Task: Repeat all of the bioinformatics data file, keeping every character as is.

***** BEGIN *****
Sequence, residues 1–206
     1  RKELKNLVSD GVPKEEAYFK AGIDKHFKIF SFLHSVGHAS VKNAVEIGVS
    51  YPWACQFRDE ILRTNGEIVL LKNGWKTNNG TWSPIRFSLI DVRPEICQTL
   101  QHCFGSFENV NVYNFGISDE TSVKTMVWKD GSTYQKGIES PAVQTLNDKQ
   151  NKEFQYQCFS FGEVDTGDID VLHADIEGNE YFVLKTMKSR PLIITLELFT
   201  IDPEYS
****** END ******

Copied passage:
Sequence, residues 1–206
     1  RKELKNLVSD GVPKEEAYFK AGIDKHFKIF SFLHSVGHAS VKNAVEIGVS
    51  YPWACQFRDE ILRTNGEIVL LKNGWKTNNG TWSPIRFSLI DVRPEICQTL
   101  QHCFGSFENV NVYNFGISDE TSVKTMVWKD GSTYQKGIES PAVQTLNDKQ
   151  NKEFQYQCFS FGEVDTGDID VLHADIEGNE YFVLKTMKSR PLIITLELFT
   201  IDPEYS